This is a sensibly short handbook for ‘busy young professionals’ which demystifies the foggy world of investing, writes Simon Bain…
The author, neither journalist nor qualified adviser but a 20-year banking industry insider, has written it for his own twenty-somethings just into their working lives. It’s a refreshingly authentic take on the young investor agenda which heads right to the heart of it in the first few pages.
“The key is investing in a ready-made portfolio, where someone else has done the hard work of working out the right blend of investments. If you had an adviser, chances are this is essentially what they would advise you to do anyway.”
No stone is left unturned, but the lessons are delivered simply. An adviser would tell you to do five things: take risk, diversify, use tax breaks, invest enough, and stick with it. Young investors need a portfolio with 80 to 100 per cent in equities. Statistically, an active fund has to outperform the equivalent passive by (at least) 0.6 per cent to be worthwhile.
Coxon ploughs straight into the tricky ESG options, noting that there are few ready-made passive ESG funds. Some robo-advisers offer portfolios of green ETFs, but ‘you may need to consider more expensive active funds’.
Pensions are firmly nailed, with the clear direction that if you are in a company pension ‘you want to select the 100%-equity low-cost passive option’. (Sadly not always on offer.) Coxon is rightly evangelical about the LISA for anyone saving for a home or for retirement or both. And he has a delightful theory that the harsh 6.25% penalty for withdrawals from a LISA was just cock-up – devised by innumerate arts grads in the Treasury!
On advice, there’s another useful steer. You’ll pay a robo-adviser 1% for what you could do yourself for 0.5% – but on annual savings of £4000 that’s a fee of only £20. As your fund grows, and your confidence with it, you can ‘take off the training wheels and go full DIY’.
I did feel the baffling world of bonds was unpacked with all its head-scrambling circus of yields, maturities and prices a little too early in the book, especially as it becomes clear so soon that young investors should be supremely focused on equities. But the section on risk tolerance shows why it is important to have a basic understanding of bonds in order to grasp what a 60-40 or 80-20 portfolio means, as those will be the ready-made choices on offer.
The author rightly warns that the model risk questionnaires can lead new investors to self-identify as more cautious than they really are or more importantly need to be. For instance, does the idea of stomaching a 25% loss sound horrendous? It probably does, but ticking the ‘15% loss’ box would lead you to a portfolio of only 40% equities – more suitable for someone in their 60s than their 20s. That emerges from one of the book’s regular neat and well-judged graphics.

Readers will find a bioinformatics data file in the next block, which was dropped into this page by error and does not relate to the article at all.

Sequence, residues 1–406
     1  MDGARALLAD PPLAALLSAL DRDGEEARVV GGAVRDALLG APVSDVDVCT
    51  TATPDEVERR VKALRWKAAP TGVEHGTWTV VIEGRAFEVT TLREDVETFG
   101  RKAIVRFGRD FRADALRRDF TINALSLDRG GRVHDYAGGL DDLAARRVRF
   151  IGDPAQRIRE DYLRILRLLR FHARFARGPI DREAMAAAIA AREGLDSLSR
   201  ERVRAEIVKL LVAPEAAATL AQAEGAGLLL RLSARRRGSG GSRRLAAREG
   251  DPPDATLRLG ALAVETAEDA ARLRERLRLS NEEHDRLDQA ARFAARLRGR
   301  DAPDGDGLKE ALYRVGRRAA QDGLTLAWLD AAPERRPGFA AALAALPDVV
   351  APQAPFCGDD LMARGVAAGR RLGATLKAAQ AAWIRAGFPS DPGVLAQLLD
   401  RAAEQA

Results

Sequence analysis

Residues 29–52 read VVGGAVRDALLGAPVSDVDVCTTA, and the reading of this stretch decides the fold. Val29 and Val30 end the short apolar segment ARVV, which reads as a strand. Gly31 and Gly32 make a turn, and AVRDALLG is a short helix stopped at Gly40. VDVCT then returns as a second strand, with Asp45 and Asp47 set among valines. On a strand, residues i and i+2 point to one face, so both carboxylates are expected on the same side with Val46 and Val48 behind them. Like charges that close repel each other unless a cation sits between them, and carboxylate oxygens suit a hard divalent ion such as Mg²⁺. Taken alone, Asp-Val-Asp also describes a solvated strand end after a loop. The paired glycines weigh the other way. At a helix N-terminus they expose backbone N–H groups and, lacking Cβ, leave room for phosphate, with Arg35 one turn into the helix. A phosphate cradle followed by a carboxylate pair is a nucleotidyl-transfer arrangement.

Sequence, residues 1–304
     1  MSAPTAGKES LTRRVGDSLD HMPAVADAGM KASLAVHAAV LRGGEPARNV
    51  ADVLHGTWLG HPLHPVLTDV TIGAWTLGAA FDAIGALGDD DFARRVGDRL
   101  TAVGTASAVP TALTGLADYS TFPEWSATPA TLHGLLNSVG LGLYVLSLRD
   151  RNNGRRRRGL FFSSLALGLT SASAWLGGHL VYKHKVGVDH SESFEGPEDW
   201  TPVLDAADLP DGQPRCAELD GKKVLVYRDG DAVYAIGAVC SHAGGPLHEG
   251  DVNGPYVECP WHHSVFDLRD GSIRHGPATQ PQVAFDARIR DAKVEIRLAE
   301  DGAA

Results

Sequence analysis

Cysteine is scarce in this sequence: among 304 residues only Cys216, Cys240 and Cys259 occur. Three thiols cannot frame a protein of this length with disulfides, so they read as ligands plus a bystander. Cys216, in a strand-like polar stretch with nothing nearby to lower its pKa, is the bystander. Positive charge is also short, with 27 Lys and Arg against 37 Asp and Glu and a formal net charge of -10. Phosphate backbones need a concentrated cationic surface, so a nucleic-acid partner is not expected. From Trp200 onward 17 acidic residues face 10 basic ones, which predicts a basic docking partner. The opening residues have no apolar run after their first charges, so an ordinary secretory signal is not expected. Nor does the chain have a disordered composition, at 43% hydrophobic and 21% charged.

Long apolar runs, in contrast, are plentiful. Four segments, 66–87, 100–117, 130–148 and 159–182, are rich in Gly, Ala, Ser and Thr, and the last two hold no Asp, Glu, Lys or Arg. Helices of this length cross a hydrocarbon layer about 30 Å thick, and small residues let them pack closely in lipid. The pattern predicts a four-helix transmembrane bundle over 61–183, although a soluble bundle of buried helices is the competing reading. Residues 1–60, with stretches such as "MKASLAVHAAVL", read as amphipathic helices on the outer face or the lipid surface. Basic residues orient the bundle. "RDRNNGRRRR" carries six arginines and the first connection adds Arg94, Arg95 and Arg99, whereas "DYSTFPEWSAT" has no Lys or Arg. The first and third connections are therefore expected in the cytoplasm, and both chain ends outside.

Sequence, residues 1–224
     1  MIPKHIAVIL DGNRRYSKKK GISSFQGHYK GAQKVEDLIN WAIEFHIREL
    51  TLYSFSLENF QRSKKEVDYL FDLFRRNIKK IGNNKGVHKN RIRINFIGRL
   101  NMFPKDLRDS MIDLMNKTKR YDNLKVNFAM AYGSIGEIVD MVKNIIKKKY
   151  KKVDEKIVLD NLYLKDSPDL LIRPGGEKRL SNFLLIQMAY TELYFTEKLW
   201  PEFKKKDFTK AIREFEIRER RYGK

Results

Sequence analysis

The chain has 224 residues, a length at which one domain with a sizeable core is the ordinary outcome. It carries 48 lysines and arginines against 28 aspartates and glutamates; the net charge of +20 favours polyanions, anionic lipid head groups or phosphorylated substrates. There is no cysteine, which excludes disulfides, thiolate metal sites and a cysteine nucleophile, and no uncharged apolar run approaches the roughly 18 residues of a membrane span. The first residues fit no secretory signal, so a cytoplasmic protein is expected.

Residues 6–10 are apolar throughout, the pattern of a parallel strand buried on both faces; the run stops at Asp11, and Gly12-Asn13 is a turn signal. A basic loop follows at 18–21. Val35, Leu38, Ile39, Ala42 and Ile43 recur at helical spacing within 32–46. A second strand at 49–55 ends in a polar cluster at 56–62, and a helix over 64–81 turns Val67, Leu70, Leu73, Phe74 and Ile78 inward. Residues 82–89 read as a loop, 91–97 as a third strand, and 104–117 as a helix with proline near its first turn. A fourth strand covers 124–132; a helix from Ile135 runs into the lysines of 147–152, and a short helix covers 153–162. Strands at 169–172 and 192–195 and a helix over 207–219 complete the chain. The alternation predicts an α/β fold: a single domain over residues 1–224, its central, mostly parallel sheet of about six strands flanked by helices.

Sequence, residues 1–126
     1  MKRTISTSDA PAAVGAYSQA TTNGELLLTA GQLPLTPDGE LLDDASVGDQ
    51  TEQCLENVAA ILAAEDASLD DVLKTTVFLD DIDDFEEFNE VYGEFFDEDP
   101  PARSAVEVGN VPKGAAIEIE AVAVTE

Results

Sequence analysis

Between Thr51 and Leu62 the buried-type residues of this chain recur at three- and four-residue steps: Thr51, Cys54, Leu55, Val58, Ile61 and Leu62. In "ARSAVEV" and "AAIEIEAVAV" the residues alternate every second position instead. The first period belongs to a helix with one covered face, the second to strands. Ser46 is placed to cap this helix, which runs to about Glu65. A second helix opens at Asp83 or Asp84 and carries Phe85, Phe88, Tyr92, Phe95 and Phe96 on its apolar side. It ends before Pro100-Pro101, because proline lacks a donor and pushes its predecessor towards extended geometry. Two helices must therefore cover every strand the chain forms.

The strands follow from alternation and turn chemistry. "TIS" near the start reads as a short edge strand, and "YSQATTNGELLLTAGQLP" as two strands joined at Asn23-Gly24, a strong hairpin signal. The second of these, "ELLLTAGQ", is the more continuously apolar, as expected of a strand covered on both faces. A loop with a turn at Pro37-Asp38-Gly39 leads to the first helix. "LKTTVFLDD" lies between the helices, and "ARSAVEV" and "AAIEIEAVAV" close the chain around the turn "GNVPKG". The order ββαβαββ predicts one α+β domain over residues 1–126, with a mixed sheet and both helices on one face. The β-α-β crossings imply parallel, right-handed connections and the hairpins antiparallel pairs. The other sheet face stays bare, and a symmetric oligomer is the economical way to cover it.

When it comes to actually picking your investment, the author takes a satisfyingly deep dive. Rather than confusing us with a wealth of options, Coxon homes in on those that really tick the necessary boxes: Vanguard and Blackrock (or an MSCI index fund) for passives; Nutmeg, Moneyfarm and Wealthify for robos; Liontrust for sustainable investing. And maybe spread across more than one manager. They’re not recommendations, but the guidance feels impartial and reliable.
There are useful chapters on future planning, budgeting, and insurance, while the ‘core-satellite/fun investing’ brief includes a helpful pointer to investment trusts for anyone keen to learn.
Overall, the pro-passives message is clear and fair, though it’s perhaps fair to note that in niche areas and less well-researched markets active managers can add value while passives are more limited. It’s also worth stressing that picking your own ETFs or portfolio of ETFs does not get you round the decision of which market or index to track – and that decision (your asset allocation) will have the biggest influence on year-to-year performance.
The book’s discussion of performance, and how it relates to volatility, includes a novel analysis of how three active/passive/ESG funds have behaved over a three-year period, which is said to be a reasonable window for judgement.
Fittingly the finale deals with the key area of investor psychology and what prevents us from ‘sticking with it’. Nuggets of wisdom: only look at your portfolio a few times a year, don’t have access to it on your phone!
The (probably spurned) adviser turns out to have a key role – that of dissuading the nerve-shredded client from selling up in a market meltdown (and thereby earning his corn). It may make you wish you had an adviser after all!
There are appendices on tax, company share plans, and crypto – an area explored more widely in Iona’s book ‘Own It!’, which Coxon recommends among a handful (not a library) of useful resources.
Ready-made Investing is written by Walter Coxon and published by Troubadour, £11.99